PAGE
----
const obj = new Sample();
console.log(obj.constructor.name); // print "Sample"

Note 1: If you minify your scripts, some functions/classes may be renamed. So, the name of the class won't be the original name (I mean the name from your original source file), but the name after minification. UglifyJS has an option to not mangle some names uglifyjs ... -m reserved=['$', 'Sample']

Note 2: This doesn't work if the class contains a method named name. In this case, the browser won't automatically add the name property, so you won't be able to get the name of the class. You can read the specification about this behavior.

Note 3: TypeScript doesn't show constructor in the auto-completion. However, this is totally supported and typed.

JWT authentication with ASP.NET Core

In a previous post, I've written about using cookie authentication for an ASP.NET Core web site. Authenticating user by using a cookie is common for a web site. However, for an API, it's more common to use a token for authentication. Json Web Token (JWT) is a way to create and validate a token. In this post, we'll see how to use JWT with ASP.NET Core to authenticate the users. While the client can be any kind of application, I'll use a front-end application with JavaScript/TypeScript.

What's Json Web Token (JWT)

JSON Web Token (JWT) is an open standard (RFC 7519) that defines a compact and self-contained way for securely transmitting information between parties as a JSON object. This information can be verified and trusted because it is digitally signed. JWTs can be signed using a secret (with the HMAC algorithm) or a public/private key pair using RSA. https://jwt.io/introduction

JWTs consist of 3 parts:

  • The header contains the type of the token (JWT) and the algorithm used to sign it
  • The payload contains the list of claims. Claims can be of 3 types: predefined claims (issuer, subject, expiration date, etc.), public claims (defined in the IANA JWT registry), and private claims (custom names)
  • The signature is used to verify the message wasn't changed along the way

To create the JWT, the three parts are encoded in base64 and separated by a dot. Here's the header and the payload of a JWT:

{
  "alg": "HS256",
  "typ": "JWT"
}

{
  "sub": "meziantou",
  "iss": "meziantou.net"
}

This token is encoded in this form:

eyJhbGciOiJIUzI1NiIsInR5cCI6IkpXVCJ9.eyJzdWIiOiJtZXppYW50b3UiLCJpc3MiOiJtZXppYW50b3UubmV0In0.LR3RSg_y4xtsvc7vnKh3JXySCQtEsSNo4xkDBW9J2r4

Then, you can use it to authenticate by using the Authorization header:

Authorization: bearer eyJhbGciOiJIUzI1NiIsInR5cCI6IkpXVCJ9.eyJzdWIiOiJtZXppYW50b3UiLCJpc3MiOiJtZXppYW50b3UubmV0In0.LR3RSg_y4xtsvc7vnKh3JXySCQtEsSNo4xkDBW9J2r4

Note that the authority that deliver the token and the one that validate the token may be differents. The only requirement is to be able to validate the signature, so you are sure the token is generated by the trusted authority.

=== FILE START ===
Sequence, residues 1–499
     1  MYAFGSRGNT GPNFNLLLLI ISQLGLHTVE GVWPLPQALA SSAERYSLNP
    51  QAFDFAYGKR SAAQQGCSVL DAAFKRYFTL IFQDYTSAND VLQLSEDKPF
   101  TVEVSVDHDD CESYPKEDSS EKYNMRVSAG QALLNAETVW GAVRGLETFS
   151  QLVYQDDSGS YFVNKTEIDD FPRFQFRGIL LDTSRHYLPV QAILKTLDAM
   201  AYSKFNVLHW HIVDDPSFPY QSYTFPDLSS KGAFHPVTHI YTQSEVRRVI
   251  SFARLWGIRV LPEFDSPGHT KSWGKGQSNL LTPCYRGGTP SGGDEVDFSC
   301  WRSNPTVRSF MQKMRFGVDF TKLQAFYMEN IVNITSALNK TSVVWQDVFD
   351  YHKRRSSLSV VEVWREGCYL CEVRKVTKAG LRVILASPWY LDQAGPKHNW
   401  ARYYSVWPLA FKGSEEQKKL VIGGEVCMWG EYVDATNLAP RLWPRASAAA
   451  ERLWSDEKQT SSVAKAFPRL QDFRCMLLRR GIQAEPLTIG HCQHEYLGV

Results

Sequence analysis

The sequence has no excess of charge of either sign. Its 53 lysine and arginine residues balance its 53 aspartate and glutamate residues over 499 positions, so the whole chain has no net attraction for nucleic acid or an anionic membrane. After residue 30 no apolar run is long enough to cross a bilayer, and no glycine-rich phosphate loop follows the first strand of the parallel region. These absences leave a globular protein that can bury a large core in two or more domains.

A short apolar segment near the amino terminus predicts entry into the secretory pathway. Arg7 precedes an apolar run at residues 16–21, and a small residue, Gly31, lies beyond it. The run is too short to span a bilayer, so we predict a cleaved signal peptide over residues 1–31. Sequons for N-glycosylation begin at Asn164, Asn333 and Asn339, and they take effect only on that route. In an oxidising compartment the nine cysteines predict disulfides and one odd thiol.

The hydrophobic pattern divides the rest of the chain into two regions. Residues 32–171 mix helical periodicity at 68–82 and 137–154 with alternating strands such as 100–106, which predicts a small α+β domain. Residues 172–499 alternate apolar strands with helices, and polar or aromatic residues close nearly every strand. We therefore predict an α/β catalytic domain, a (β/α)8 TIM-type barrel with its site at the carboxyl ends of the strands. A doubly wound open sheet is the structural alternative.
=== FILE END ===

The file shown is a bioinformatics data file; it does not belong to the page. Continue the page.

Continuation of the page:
Now, you have a better understanding of what is Json Web Token. Let's create an ASP.NET Core application that uses JWT to authenticate users!

Prerequisites - Generate a secret key

To create and validate a token, you must use a secret key. From the following Information Security Stack Exchange post, the length of the key should be 256 bits for the HmacSha256 algorithm (read carefully this thread because it may change depending on the algorithm). Using .NET it's very easy to generate a random key. Create a console application and copy the following code:

public static void Main(string[] args)
{
    var rng = System.Security.Cryptography.RandomNumberGenerator.Create();
    var bytes = new byte[256 / 8];
    rng.GetBytes(bytes);
    Console.WriteLine(Convert.ToBase64String(bytes));
}

Then, you can store the generated key in the configuration file of your ASP.NET Core web site. Open the appsettings.json file and add the following section:

{
  "JwtAuthentication": {
    "SecurityKey": "ouNtF8Xds1jE55/d+iVZ99u0f2U6lQ+AHdiPFwjVW3o=",
    "ValidAudience": "https://localhost:44318/",
    "ValidIssuer": "https://localhost:44318/"
  }
}

Finally, you can register the configuration in the service collection to retrieve these settings easily:

using Microsoft.IdentityModel.Tokens;

public class JwtAuthentication
{
    public string SecurityKey { get; set; }
    public string ValidIssuer { get; set; }
    public string ValidAudience { get; set; }

    public SymmetricSecurityKey SymmetricSecurityKey => new SymmetricSecurityKey(Convert.FromBase64String(SecurityKey));
    public SigningCredentials SigningCredentials => new SigningCredentials(SymmetricSecurityKey, SecurityAlgorithms.HmacSha256);
}

public class Startup
{
    public Startup(IConfiguration configuration)
    {
        Configuration = configuration;
    }

    public IConfiguration Configuration { get; }